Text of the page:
There is in every human person the urge to piss in or upon something that is not technically designed to receive piss. The rhyme or reason for doing so is not often exact. Perhaps the traditional receptacle is unavailable; or it is unworthy of you compared to a pool, a shower, a campfire, the East River, your sister’s boyfriend’s truck, or the flag of Connecticut. Doing so just makes sense in the moment and does harm to almost no one of consequence. And yet the institutions of arbitrary power (your mom) insist on shackling you to popular decorum, or else you get no dessert. Having no resolve to smash the institution, you resign yourself to it for the sake of appearances, all the while remaining vigilant for that choice moment when the institution is negligent, your bladder is at capacity, and there is no urinal in sight. In that fleeting moment the world is yours to piss on.

Commentators, online and nonline alike, doubtless know what I’m talking about. The urge to piss on your high school gym teacher’s grave is not all that different from the urge to engage in “media criticism.” It, too, feels more right than wrong; it makes you happy and is basically harmless. Yet power is always on hand to tell you “No” for your own good. Maybe there’s something to that. When countless of my peers were setting forth pungent streams of “thoughts” about “Slate Star Codex” being “covered” in the “New York Times,” I stayed silent and profited by my silence. I was less successful the previous summer in avoiding the debate around the Harper’s open letter, the circumstances of which, let alone the value of my assessment of them, entirely elude my memory today. Clearly some caginess is warranted when it comes to pissing like a free man, for you can sometimes have too much of a good thing. But perhaps I am conservative in that respect.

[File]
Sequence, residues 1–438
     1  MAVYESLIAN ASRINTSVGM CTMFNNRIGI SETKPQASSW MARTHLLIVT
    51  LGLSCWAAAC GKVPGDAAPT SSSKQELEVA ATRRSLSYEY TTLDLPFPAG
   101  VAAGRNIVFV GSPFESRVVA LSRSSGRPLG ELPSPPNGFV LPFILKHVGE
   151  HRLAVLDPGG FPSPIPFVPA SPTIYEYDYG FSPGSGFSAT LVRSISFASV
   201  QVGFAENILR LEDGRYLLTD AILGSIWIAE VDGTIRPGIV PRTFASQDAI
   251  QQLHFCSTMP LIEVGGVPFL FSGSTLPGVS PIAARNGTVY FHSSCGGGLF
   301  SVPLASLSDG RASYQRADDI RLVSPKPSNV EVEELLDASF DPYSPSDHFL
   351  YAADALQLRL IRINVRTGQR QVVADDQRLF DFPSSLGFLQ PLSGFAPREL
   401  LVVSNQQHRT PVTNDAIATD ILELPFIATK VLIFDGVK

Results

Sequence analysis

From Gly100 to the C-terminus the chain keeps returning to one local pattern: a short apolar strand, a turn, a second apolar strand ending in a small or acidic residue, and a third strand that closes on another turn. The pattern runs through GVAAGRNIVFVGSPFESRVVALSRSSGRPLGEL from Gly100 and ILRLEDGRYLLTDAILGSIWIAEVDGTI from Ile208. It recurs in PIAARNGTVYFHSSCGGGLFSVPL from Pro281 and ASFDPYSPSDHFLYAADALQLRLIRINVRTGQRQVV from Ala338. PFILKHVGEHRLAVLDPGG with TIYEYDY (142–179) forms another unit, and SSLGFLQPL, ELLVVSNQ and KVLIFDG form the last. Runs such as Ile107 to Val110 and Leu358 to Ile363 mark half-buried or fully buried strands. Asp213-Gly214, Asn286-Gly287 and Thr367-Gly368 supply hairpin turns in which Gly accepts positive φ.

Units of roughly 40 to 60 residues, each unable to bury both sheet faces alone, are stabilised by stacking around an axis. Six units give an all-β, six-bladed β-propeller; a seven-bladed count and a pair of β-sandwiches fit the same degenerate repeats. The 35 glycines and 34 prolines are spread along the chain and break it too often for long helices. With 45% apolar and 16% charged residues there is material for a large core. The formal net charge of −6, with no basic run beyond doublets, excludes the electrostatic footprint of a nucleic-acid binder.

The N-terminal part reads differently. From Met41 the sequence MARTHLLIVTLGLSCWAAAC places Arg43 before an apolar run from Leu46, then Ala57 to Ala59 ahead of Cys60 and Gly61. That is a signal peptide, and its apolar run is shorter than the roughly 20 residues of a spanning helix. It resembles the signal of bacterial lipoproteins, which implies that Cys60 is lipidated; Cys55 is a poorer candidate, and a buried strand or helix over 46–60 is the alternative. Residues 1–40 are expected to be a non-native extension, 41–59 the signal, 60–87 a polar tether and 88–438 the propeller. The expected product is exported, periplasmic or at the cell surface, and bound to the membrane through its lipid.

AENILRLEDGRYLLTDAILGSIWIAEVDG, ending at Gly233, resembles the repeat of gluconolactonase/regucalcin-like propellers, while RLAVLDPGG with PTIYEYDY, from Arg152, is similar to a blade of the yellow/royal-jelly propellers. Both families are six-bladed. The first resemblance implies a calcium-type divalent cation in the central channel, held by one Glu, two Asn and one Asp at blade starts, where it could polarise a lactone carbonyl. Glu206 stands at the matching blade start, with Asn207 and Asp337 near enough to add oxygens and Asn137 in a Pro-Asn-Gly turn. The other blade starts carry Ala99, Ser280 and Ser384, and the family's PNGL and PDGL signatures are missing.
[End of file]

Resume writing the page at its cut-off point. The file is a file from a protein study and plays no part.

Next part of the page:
And so it is with Michael Brendan Dougherty’s recent National Review column that I find this urge to be so strong that I don’t even care if your mom sees me doing it. Nay, I invite her to watch, she might even learn something.

It looks as if Dougherty wanted everyone to watch, too. It’s not every day that a prominent writer accuses his legacy media employer of being “irrelevant” on the platform that that very employer provided for him. Though truthfully that aspect of the column was the least interesting to me. It lacked the Luther-at-the-Diet-of-Worms righteousness that the headline implied. True, sometimes disappointment can be more hard-hitting than anger, but in this case it is soggy and cumbersome, like a dirt path after a heavy rain. But obviously the piece is not without points worthy of greater exploration; particularly Dougherty’s notion of relevance and offensiveness.

In Dougherty’s assessment, National Review has lost its way. In the past it took “risks” and was “self-confident enough to be disagreeable and willing to offend people.” Today the magazine kowtows to any Establishment that will let it into its tent. Dougherty bemoans the respect liberal writers have for National Review’s embrace of presumably right-thinking ideas. As Dougherty points out, National Review ran a piece calling for conservatives to “compromise” on transgenderism. During the 2016 primaries it dedicated an entire issue to encouraging the conservative movement to reject Donald Trump’s candidacy. It failed spectacularly of course and seems to have never quite regained its footing.